The Sterling Crisis: Dealers' attention turns to the franc: French response

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The Independent Online
NOW that the markets have succeeded in expelling the pound and the Italian lira from the European exchange rate mechanism - and in forcing a devaluation of the Spanish peseta - the spotlight is turning to the French franc.

On the last day of trading before tomorrow's referendum on Maastricht, the Bank of France yesterday resumed its support- buying operation to shore up the currency and succeeded in keeping it around FFr3.42 to the mark, a centime above its floor.

The French currency faced heavy selling pressure on worries about devaluation, but it has yet to face the intensity of selling which forced the pound and lira out of the system. 'We have not seen the madness of the selling of sterling,' Philippe Broussard, of Credit Lyonnais in Paris, said.

Although the volume of trading between francs and marks is less than that between pounds and marks, central bank intervention still needs to be fairly heavy to stop the currency falling. The reason the franc has not suffered to the same degree is that France has earned its credibility in the ERM since the mid-1980s by single-mindedly pursuing a 'franc-fort' policy of high interest rates and fiscal rectitude.

'But last week people were saying that you could not lump the pound with the lira, and look what happened. Now people are saying you cannot lump the franc with the pound', George Magnus, international economist at Warburg Securities, said.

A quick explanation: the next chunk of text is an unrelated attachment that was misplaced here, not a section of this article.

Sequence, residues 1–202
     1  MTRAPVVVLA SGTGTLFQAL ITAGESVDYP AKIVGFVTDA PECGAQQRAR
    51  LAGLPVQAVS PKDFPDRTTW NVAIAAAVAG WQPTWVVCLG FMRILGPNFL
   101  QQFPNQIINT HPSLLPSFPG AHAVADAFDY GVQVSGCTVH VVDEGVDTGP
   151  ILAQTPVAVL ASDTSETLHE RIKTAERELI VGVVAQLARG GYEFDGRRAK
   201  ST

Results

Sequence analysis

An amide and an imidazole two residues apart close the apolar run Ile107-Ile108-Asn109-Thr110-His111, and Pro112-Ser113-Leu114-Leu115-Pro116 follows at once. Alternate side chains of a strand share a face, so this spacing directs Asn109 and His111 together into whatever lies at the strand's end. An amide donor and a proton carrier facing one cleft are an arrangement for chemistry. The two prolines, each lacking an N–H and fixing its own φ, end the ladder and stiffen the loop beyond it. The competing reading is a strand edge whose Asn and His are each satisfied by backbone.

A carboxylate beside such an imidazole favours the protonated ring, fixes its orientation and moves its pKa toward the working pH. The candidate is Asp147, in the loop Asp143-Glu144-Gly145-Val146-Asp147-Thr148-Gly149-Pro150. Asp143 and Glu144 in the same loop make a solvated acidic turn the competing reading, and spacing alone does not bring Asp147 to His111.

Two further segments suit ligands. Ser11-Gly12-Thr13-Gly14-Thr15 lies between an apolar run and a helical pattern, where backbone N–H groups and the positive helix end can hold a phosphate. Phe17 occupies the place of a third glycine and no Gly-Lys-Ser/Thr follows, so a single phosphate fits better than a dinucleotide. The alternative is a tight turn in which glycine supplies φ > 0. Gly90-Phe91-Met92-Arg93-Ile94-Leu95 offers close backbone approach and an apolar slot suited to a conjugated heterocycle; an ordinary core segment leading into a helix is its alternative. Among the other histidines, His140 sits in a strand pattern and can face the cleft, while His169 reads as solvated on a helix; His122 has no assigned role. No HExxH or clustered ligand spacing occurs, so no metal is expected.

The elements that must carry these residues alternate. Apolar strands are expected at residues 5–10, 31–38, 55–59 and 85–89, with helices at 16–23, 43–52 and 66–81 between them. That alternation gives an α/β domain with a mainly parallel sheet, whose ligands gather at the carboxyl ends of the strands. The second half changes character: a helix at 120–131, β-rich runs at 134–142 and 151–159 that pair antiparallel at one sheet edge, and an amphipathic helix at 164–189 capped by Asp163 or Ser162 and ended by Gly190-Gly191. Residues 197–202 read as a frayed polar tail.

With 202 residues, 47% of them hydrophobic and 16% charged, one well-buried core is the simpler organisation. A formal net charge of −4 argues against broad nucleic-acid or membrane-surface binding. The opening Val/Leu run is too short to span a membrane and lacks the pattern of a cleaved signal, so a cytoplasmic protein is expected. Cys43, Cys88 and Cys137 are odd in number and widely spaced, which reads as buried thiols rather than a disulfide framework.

The Bank of France did not help yesterday by suspending the facility which allows French commercial banks to borrow from the central bank over five to 10 days at 10.5 per cent, suggesting that interest rates might be put up. In a panic response, overnight market lending rates rose to between 90 and 100 per cent.

But the facility was later reopened, combined with the announcement of joint measures with the Bundesbank to mop up the money washing around the financial system because of support-buying of the franc. This was received favourably by the market as evidence that the Bundesbank was helping the French defend their currency.

The Germans also appeared to be offering a helping hand when the Bundesbank's vice-president, Hans Tietmeyer, said the franc was 'not threatened' and that it was 'a candidate for revaluation' if the ERM currencies were to be shaken up again in a realignment.

Analysts believe the fate of the ERM may well depend on how the franc fares after tomorrow's vote. Mr Broussard believes there is a 30 per cent chance of a 'no' vote. If the franc comes under heavy selling, it should leave the system rather than devalue,' he said.

'If the franc survives Sunday's result without higher interest rates, then there is a reasonable chance the EC finance ministers will move to reconstitute the ERM,' Mr Magnus said.